A WOMAN who was diagnosed with ME in 2015 and was left bedbound at times wants to give people suffering from the illness hope.

Ally Redshaw-Boxwell, founder of CompassionART which is an art project for people who are living with long-term chronic illness in Northumberland, was diagnosed with the illness in the summer of 2015, after beginning to feel unwell at the end of 2013.

Ally had set up Hexham- based charity Dilly Arts in 2011. She was a single mum at the time.

In her previous arts development roles, Ally had worked with prisoners and she set up the company with the aim of continuing this work with prisoners and their families.

They ran various projects related to this, as well as other such as Allendale Mini Festival of Movement and Dance.

Ally had her third child in 2012 and said she “never stopped”.

When she became unwell, Ally said: “Everything had to come to a halt. My health got really bad, to the point where I was bedbound.”

Ally said she broke down in tears after receiving the diagnosis.

She said as there is little research on the disease, “it was like being thrown into a deep, dark well.”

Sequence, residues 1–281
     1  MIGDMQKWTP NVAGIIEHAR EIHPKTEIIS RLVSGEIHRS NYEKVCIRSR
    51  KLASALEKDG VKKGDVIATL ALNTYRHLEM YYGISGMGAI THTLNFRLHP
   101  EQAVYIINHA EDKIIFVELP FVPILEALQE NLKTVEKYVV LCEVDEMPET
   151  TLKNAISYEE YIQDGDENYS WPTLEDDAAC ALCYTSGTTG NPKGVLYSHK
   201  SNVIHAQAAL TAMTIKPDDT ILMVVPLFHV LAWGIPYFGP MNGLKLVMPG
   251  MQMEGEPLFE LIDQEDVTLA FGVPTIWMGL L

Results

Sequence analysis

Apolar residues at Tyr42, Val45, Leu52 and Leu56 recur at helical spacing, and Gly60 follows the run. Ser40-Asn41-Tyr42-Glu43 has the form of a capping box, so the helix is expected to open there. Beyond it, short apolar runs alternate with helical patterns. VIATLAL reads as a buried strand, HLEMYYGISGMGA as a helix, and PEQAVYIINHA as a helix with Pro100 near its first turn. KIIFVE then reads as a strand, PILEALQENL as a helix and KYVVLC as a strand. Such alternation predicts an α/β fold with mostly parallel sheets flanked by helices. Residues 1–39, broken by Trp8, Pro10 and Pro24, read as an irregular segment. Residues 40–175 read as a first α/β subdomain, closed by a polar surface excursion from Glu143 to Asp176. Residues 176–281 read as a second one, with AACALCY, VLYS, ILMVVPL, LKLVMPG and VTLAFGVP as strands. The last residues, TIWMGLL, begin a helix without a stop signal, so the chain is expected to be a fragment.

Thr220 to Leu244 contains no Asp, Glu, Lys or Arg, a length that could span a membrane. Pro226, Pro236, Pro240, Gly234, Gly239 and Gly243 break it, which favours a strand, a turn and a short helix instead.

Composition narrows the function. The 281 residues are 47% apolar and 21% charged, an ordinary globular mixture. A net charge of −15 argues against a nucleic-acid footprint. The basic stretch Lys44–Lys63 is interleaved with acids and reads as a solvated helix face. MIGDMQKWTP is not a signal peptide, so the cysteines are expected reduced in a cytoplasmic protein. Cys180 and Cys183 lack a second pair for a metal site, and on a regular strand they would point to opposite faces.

“I guess eventually what you have to do is accept it but that’s not an easy thing to do.”

She launched the first round of CompassionART sessions in 2017. Ally devised the idea and applied for funding for the project, but was unable to attend any of the sessions due to her illness.

“For me to work with people who have hidden disabilities, it was just the next step,” Ally said.

March last year, just before the pandemic hit, was when Ally started feeling a lot better. She credits a diet helping “significantly” with her illness.

Ally and her family went on holiday to the Lake District, where she was able to go horse riding and swim.

She said the pandemic has “opened up people’s eyes” to how people with chronic illnesses live, often unable to leave their homes.

“We are going through this as a society,” she said. “When you are ill, everybody else is moving on and that hurts.”

Ally has been accepted to start her PhD at Newcastle University in September, something she says she has “always wanted to do”.

“For me, it’s like I’m giving myself the gift of saying you are well enough to pursue a dream you have had for the last 22 years.”

Her area of research will be on women’s art and the Holocaust.

Whilst a “very heavy and harrowing subject”, Ally said it is something she is passionate about - her dissertation for her undergraduate degree was on art and the Holocaust - and will be “incredibly worthwhile”.

Ally now wants to secure at least two years of funding for CompassionART sessions to continue.

“I never thought I was going to get better,” Ally said. “Don’t give up on having a future.”